5 Ways to Graft a Tree
Grafting is an essential technique used by gardeners and horticulturists to propagate and preserve valuable plants. In essence, grafting involves attaching a section of a stem from one plant (called the scion) onto another plant (called the rootstock), allowing the two to fuse and grow together. This creates a stronger, healthier, and more productive tree than either parent alone. Here are five popular methods of tree grafting that you can try in your own garden.
1. Whip-and-Tongue Graft
The whip-and-tongue method is widely used due to its relatively high success rate and compatibility with various plant species. This technique requires matching the scion and rootstock diameters as closely as possible, then making matching diagonal cuts on both pieces. Next, make a vertical slit into each cut surface, creating a “tongue” on each piece. Finally, fit the tongues together and secure the graft with grafting tape or rubber bands.
2. Cleft Graft
The cleft graft is often used when the rootstock is much thicker than the scion. Begin by cutting off the top of the rootstock and splitting it down the middle to create a cleft. Prepare your scion by trimming it to have a V-shaped base that will fit snugly into the cleft. Insert the scion into the cleft, aligning its cambium layer (the green layer just beneath the bark) with that of the rootstock. Secure with grafting tape or rubber bands.
3. Budding (T-Bud)
T-budding is a technique frequently used on fruit trees such as peaches and citrus trees. In this method, a single bud from one plant is grafted onto another plant. Carefully cut out a single bud from your desired scion plant, making a “T” cut on the rootstock’s bark and lifting the flaps. Slide the bud under the flaps, ensuring that the cambium layers match up. Wrap the graft in grafting tape, leaving the eye of the bud exposed.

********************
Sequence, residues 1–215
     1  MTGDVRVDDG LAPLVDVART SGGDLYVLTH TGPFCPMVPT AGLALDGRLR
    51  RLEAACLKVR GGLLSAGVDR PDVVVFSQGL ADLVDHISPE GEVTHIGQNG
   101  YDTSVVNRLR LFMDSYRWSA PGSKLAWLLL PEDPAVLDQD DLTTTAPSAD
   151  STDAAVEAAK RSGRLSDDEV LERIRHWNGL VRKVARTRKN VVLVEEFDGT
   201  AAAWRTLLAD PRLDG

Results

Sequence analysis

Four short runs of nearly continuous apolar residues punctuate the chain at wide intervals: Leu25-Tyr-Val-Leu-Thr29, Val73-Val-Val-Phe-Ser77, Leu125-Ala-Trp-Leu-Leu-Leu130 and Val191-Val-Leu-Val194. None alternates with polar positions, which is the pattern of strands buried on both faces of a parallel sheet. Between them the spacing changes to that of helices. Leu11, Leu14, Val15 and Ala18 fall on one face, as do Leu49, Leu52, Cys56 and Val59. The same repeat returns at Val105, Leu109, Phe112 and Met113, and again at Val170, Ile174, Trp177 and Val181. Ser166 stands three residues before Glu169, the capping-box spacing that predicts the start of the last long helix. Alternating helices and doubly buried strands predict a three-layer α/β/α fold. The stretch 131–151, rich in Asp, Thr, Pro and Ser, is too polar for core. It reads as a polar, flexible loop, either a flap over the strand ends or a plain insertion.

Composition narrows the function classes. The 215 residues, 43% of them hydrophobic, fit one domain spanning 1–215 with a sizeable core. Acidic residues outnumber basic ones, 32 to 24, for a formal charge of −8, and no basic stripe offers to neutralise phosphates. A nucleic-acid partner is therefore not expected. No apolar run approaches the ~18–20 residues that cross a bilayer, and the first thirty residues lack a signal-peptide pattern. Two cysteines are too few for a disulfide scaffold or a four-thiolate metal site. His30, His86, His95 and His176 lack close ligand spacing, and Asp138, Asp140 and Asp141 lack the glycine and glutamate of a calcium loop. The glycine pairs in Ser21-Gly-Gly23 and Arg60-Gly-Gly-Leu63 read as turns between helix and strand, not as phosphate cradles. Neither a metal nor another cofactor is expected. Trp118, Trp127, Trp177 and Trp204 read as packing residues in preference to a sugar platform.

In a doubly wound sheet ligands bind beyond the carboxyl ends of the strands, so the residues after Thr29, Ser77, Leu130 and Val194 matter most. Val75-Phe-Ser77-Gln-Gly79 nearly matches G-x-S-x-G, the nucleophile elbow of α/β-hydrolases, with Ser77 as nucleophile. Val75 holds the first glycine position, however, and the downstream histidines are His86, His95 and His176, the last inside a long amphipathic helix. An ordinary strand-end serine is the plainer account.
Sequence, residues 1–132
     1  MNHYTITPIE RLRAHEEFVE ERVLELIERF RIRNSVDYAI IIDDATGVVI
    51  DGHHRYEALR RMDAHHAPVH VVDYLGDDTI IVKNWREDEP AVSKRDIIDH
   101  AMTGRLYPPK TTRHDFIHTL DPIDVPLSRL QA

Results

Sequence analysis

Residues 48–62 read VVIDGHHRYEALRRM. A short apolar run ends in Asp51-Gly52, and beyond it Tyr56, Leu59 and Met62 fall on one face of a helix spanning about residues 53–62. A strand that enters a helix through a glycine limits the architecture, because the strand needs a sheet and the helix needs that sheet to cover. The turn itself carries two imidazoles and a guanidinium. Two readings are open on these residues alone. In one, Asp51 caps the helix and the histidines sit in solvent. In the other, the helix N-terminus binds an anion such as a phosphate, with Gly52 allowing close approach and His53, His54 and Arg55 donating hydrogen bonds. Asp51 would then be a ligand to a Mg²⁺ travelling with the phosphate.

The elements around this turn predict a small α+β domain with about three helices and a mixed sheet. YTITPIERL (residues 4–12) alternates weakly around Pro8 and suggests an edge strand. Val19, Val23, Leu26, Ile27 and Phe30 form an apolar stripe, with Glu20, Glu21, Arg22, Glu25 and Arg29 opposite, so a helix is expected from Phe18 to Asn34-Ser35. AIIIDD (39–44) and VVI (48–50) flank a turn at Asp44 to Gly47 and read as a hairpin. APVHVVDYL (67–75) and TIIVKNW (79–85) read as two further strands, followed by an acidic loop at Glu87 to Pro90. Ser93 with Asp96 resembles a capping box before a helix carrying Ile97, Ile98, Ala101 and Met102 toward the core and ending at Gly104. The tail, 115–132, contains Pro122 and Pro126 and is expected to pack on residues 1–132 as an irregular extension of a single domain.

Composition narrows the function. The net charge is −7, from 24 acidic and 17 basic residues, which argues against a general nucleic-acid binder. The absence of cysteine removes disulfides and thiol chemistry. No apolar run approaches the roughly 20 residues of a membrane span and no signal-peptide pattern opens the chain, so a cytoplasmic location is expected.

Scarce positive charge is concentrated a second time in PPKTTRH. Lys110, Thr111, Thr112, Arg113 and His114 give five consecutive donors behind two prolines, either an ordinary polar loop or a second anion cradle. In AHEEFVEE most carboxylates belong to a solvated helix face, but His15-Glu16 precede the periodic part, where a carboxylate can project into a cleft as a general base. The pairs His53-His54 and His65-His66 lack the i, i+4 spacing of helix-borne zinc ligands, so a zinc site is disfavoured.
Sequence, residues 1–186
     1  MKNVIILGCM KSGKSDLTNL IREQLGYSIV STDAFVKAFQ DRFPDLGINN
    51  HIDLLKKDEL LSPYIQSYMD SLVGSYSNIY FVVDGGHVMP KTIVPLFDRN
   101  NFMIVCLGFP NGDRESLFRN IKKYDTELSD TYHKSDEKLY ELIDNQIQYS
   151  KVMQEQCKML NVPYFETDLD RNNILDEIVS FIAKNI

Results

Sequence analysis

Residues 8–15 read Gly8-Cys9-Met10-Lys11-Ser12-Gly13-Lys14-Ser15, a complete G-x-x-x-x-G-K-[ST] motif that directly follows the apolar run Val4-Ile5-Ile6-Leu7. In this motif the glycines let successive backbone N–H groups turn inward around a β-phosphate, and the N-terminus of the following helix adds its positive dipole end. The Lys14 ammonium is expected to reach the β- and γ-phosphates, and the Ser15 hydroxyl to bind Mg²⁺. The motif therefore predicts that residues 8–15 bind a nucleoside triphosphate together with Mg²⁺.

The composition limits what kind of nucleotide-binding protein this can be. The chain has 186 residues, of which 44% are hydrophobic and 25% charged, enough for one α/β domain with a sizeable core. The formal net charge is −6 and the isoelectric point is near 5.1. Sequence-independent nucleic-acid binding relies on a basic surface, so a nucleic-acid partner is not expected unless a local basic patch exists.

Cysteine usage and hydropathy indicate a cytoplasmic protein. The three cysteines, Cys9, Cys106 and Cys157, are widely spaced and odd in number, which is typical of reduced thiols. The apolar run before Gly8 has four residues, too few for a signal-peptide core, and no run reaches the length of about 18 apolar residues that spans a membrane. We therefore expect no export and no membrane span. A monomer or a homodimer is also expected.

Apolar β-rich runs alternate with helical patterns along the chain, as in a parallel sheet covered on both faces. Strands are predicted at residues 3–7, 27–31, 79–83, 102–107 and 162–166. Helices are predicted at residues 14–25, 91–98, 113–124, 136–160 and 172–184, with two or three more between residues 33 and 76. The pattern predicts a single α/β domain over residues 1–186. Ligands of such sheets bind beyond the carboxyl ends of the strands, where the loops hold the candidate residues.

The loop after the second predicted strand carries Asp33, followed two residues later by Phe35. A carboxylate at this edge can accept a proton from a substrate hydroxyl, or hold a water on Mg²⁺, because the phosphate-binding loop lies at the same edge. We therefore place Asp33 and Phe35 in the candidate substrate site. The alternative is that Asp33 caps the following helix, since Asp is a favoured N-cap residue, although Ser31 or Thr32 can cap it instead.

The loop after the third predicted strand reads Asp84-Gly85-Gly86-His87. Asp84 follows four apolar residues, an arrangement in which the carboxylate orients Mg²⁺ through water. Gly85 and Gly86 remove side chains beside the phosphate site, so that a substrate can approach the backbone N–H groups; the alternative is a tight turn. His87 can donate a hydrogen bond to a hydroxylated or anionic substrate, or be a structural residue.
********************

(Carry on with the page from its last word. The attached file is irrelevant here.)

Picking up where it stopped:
4. Bark Graft
The bark graft is suitable for large-diameter rootstocks with easily detachable bark. Begin by cutting off the top of the rootstock and preparing scions with long, slanting cuts at their bases. Create a vertical slit in the rootstock’s bark and slide your scion underneath it, ensuring contact between their cambium layers. Wrap with grafting tape or a rubber band, securing it tightly while maintaining adequate pressure.
5. Bridge Graft
If your tree trunk is damaged or diseased, bridge grafting can help bypass the damaged area to restore nutrient flow between roots and canopy. Select scions that can span across the damaged part, long enough to attach to healthy portions of bark above and below it. Trim both ends of each scion so that they have wedge-shaped tips and make incisions on healthy parts of the tree trunk equal to the scion’s width. Insert each scion into its respective incision and secure with grafting tape or rubber bands.
The method you choose will depend on factors like plant species, stock sizes, and desired outcomes, but one thing’s for sure – mastering these techniques will take your gardening skills to new heights!